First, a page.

VPN (Virtual Private Networks)
These newly adopted letters in Kashmiri culture symbolize the same old acculturation of protestation and the mixture of satisfaction and excitement at the helplessness of the oppressor. However, the full form of these letters could mitigate their cultural relevance or significance. Ask a common Kashmiri to define VPN, and he/she will undoubtedly define it, without any prior knowledge of this virtual private network, as a working tool against the abounding political arrogance of the state. Only inside the political derelict of Kashmir, one could trace both the methodological and semantic similarities between stone-pelting and the VPN. The one is as much dissentious for the political establishment as the other. As witnessed from the recent shocking political developments, VPN users have not only been physically trounced but also threatened that its use could incur sedition charges.
This highly dependable weatherman, recently described as ‘Saint Lotus’ by a regional daily for his accurate weather forecasting, has become an institution in himself. The bittersweet public reaction to his forecasts is motivated or governed more by an embedded conventional thought process than an unprejudiced rational approach. In regular public discourses, his projections are mostly treated as the Tiresias clairvoyance, and no clairvoyance is welcome to the rigid existing generic mental set. Any slightest error in the estimates earns him the ire of the majority. This indirectly explores our (collective) latent unyielding faith in some supreme celestial power as the epitome of all perfection while sentimentally negating everything else, even the scientific inquiry, which attempts to get closer to this archetypal perfection. His forecasts are interpreted as the metaphorical interventions to defy that supreme celestial power. Therefore, his failed predictions bring some strange satisfaction to the majority. Overall, Sonam Lotus symbolizes a broader thought process affecting our collective behavior for a very long time now.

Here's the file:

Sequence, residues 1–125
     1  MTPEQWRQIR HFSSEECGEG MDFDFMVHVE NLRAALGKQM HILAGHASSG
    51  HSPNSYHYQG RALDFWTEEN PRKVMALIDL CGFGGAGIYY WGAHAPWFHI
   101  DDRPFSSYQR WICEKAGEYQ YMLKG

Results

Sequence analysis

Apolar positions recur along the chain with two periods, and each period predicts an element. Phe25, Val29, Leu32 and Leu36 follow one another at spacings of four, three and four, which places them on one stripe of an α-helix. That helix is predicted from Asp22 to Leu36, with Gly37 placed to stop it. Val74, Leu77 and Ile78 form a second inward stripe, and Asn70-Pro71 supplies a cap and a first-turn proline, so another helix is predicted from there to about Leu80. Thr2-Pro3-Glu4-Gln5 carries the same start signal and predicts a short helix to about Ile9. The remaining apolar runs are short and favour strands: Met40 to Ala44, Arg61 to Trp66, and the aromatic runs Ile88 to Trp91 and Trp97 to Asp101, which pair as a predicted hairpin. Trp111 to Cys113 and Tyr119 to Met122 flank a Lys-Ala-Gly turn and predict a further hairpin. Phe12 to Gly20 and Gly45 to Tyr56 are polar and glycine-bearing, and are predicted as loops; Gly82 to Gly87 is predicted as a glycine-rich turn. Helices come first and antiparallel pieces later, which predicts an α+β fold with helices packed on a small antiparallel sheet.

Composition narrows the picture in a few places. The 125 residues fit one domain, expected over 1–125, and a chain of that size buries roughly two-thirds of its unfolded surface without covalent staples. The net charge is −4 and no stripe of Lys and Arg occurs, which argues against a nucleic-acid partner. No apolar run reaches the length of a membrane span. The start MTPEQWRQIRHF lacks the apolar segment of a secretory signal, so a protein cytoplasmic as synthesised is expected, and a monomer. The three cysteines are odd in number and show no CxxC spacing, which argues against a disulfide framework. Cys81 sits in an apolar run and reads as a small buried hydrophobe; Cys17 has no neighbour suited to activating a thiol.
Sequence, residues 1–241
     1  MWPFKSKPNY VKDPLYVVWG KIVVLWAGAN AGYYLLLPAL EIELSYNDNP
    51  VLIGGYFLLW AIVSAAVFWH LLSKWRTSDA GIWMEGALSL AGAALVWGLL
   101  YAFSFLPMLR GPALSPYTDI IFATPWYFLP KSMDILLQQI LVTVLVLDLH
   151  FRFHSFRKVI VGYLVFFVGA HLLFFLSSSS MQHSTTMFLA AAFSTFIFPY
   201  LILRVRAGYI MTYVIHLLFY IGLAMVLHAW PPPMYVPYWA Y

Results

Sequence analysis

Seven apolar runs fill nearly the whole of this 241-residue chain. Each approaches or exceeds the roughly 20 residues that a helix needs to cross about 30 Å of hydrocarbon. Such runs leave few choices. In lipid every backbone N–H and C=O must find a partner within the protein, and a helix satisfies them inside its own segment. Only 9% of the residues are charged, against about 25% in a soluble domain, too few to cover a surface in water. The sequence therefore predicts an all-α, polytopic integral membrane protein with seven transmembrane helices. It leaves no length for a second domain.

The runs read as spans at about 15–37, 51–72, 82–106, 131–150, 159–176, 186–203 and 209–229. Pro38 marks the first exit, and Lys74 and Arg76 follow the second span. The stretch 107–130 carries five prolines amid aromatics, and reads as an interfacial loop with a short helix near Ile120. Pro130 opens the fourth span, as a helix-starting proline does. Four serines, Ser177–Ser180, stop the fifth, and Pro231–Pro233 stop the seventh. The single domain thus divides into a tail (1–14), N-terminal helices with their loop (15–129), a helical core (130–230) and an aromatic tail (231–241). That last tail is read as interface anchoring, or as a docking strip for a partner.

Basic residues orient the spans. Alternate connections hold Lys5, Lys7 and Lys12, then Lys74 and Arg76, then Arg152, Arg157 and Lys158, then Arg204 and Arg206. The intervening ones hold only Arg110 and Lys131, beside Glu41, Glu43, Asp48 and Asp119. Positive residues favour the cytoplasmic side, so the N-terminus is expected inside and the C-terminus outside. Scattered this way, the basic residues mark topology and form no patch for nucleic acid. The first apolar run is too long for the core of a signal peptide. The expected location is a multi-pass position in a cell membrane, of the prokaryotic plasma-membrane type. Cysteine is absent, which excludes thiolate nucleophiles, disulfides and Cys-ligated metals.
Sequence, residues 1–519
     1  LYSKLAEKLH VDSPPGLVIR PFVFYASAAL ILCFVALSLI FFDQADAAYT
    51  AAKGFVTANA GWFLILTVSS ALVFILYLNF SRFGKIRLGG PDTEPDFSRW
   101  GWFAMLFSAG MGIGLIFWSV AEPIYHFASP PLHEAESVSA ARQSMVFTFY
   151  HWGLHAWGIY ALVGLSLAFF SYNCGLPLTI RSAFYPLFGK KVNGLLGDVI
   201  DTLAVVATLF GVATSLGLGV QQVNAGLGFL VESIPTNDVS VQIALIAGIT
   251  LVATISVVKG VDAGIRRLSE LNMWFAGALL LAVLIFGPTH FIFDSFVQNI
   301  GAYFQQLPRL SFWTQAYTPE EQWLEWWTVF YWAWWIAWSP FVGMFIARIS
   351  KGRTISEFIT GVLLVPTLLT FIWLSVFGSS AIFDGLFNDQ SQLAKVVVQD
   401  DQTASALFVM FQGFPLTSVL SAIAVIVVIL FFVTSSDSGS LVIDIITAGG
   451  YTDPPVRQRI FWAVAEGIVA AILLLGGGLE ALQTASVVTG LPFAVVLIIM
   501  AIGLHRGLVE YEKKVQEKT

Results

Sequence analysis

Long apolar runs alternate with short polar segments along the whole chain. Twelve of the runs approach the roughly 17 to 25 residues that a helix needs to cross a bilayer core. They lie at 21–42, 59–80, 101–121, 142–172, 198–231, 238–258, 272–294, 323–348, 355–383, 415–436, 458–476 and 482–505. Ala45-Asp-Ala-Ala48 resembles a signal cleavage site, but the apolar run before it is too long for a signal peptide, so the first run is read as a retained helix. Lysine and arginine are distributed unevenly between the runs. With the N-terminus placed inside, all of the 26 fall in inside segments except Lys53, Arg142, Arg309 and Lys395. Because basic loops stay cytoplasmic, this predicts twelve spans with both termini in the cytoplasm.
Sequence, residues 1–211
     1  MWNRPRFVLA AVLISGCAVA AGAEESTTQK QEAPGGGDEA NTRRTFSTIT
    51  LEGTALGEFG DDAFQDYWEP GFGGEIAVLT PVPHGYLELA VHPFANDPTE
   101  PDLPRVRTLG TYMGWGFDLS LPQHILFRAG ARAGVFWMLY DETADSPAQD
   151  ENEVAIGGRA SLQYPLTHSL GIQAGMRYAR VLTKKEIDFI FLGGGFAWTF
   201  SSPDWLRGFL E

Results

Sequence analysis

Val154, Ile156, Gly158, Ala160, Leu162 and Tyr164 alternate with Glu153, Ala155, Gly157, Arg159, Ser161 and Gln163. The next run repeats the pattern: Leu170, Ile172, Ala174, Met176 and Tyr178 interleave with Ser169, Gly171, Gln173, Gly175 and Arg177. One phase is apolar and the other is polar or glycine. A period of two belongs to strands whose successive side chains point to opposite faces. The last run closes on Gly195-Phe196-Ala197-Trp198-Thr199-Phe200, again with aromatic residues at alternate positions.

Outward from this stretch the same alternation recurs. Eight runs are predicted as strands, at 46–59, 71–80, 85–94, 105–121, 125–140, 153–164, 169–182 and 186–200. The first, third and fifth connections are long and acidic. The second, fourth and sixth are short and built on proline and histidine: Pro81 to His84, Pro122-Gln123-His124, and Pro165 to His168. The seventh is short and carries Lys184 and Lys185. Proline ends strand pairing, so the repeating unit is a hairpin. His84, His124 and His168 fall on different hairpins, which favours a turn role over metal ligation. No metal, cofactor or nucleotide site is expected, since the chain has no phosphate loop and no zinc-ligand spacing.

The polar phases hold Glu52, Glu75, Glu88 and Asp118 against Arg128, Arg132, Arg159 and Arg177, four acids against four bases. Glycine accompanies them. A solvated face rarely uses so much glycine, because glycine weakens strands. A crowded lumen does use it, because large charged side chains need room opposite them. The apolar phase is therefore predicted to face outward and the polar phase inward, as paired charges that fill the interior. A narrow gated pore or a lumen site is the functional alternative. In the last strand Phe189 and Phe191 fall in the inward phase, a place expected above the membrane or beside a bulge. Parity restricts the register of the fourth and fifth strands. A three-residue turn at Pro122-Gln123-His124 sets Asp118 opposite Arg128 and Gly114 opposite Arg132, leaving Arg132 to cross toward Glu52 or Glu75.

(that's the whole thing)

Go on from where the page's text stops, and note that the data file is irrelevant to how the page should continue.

This list may go on. However, it should suffice to help us understand the intricate pattern of meanings underlying the normal lexical usage and different cultural codes. It is the perennial interplay of these codes and usages that produces definitions. These meanings, in turn, shape human consciousness.
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Ghulam Mohammad Khan is an Assistant Professor in Higher Education and writer based in Kashmir. He has been previously published by many national and international journals.